Here, a set-up for achieving a controlled, variable, and smooth temperature gradient in a flow environment at crystallisation-relevant temperatures is presented (Fig. 1c–e). Based on the kinetically regulated automated input crystalliser (KRAIC) segmented flow reactors,16 the developed system (KRAIC-G) is a controlled temperature gradient reactor where the reactor inlet is actively heated while the outlet is actively cooled. This juxtaposition creates a seamless temperature gradient across the length of the reactor (Fig. 1d and e). By varying the inlet/outlet temperatures and the flow rate of the solution, variable temperature gradient curves can be generated (Fig. 1e), allowing for conditions to be created to best approximate the ideal growth curve through the metastable zone (Fig. 1a). The temperature gradient curve can also be changed throughout the experiment for non-steady state conditions, allowing a vast experimental space to be sampled with minimal time and reagent use. The API paracetamol served as an example to illustrate the crystallisation control of the KRAIC-G, with a focus on generating one single crystal from one nucleation event within each slug. This particular target was chosen for the challenge it presents regarding controlling such a low rate of nucleation and growth, and to generate singular crystals in a flow environment for ongoing work in in situ X-ray diffraction with applications in serial crystallography19 and crystallography of radiation sensitive materials.

Results and discussion

Crystalliser set-up and capabilities

Independent of the conditions/apparatus to perform a crystallisation is the means of delivering solutions in an environment free of nucleation sites that is also capable of transporting the heterogeneous solution post-crystallisation. The ideal flow solution is a tri-phasic segmented stream (gas, carrier fluid, solution – Fig. 2a), which has been shown to provide reproducible crystallisations with minimal encrustation and blockage events.19,20 The starting solution and the triphasic solution stream prior to the crystallisation section are actively temperature controlled via electrical heating to keep the environment above the solution saturation temperature (Fig. 2b, see ESI for details).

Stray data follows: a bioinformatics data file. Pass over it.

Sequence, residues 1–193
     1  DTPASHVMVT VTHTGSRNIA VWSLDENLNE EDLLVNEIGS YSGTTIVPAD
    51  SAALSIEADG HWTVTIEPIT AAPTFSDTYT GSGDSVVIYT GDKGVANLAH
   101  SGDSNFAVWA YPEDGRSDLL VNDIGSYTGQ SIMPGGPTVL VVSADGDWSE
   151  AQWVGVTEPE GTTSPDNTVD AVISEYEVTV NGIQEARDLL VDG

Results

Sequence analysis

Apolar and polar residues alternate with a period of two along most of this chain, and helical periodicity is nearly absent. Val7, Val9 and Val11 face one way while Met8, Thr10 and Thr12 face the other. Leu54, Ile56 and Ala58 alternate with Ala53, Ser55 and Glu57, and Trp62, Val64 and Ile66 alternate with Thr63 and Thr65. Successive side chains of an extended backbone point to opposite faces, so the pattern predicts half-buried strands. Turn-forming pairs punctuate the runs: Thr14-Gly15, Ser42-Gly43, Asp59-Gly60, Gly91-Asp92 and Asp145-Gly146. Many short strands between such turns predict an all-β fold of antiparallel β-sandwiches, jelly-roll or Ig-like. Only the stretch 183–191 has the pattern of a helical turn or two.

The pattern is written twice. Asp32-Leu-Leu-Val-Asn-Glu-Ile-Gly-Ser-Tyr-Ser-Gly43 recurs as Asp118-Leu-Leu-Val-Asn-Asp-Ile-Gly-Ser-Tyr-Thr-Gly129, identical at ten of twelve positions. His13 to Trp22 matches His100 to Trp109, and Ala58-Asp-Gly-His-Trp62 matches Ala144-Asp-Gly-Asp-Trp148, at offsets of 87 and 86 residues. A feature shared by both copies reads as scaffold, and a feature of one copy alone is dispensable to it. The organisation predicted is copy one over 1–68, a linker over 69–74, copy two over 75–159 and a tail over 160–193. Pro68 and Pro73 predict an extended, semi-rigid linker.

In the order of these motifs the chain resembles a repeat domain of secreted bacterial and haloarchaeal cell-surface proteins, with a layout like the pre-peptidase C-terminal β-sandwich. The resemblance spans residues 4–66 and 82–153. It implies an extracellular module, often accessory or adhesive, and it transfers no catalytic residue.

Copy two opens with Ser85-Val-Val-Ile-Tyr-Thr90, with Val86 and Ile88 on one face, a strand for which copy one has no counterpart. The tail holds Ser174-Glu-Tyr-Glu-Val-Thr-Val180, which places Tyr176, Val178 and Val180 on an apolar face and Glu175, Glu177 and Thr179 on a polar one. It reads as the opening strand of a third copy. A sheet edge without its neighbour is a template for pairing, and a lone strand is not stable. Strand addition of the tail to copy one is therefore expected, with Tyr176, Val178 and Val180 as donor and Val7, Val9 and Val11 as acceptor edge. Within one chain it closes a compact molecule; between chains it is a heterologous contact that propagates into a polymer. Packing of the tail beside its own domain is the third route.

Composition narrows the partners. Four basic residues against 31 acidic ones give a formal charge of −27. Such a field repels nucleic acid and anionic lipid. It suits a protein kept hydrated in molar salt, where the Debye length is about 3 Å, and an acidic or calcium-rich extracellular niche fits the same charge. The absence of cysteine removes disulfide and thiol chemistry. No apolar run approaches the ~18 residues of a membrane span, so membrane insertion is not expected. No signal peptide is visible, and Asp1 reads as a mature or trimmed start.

image file: d2re00183g-f2.tif
Fig. 2 a. Schematic of tri-segmented flow; b. image of segmentation section showing initial combination of gas and carrier fluid before introduction of solution; c. schematic of the KRAIC-G highlighting inner threaded core (for cooling fluid) and outer (heated) aluminium shell with thread for crystalliser tubing.

The gradient crystalliser is comprised of a two-layer temperature control unit about which fluoroethylenepropylene (FEP) tubing (14 m 1/8′′ internal diameter (ID)) is wrapped in the outer threaded layer of the control unit (Fig. 2c). The core of the temperature control unit is a polypropylene cylinder with a helical thread. The complementary thread exists in the outer aluminium shell, creating a fluidic path within the unit between the two layers through which a variable temperature cooling solution is flowed from top to bottom. In the bottom of the aluminium shell is inserted six equally spaced cartridge electric heaters. The entry/exit temperature of the crystallisation unit is controlled by the settings of the heating rod and the cooling fluid and actively maintained via PID feedback control. The rate of change of the smooth, parabolic temperature gradient curve is controlled by the difference between the entry/exit temperature and the flow rate of the cooling solution (Fig. 3). The FEP tubing is isolated from ambient conditions, providing reproducible temperature gradients, by a mobile Perspex shield and descending nitrogen atmosphere. This also prevents condensation on the tubing during sub-ambient operation while allowing access to the crystalliser in the event of a blockage.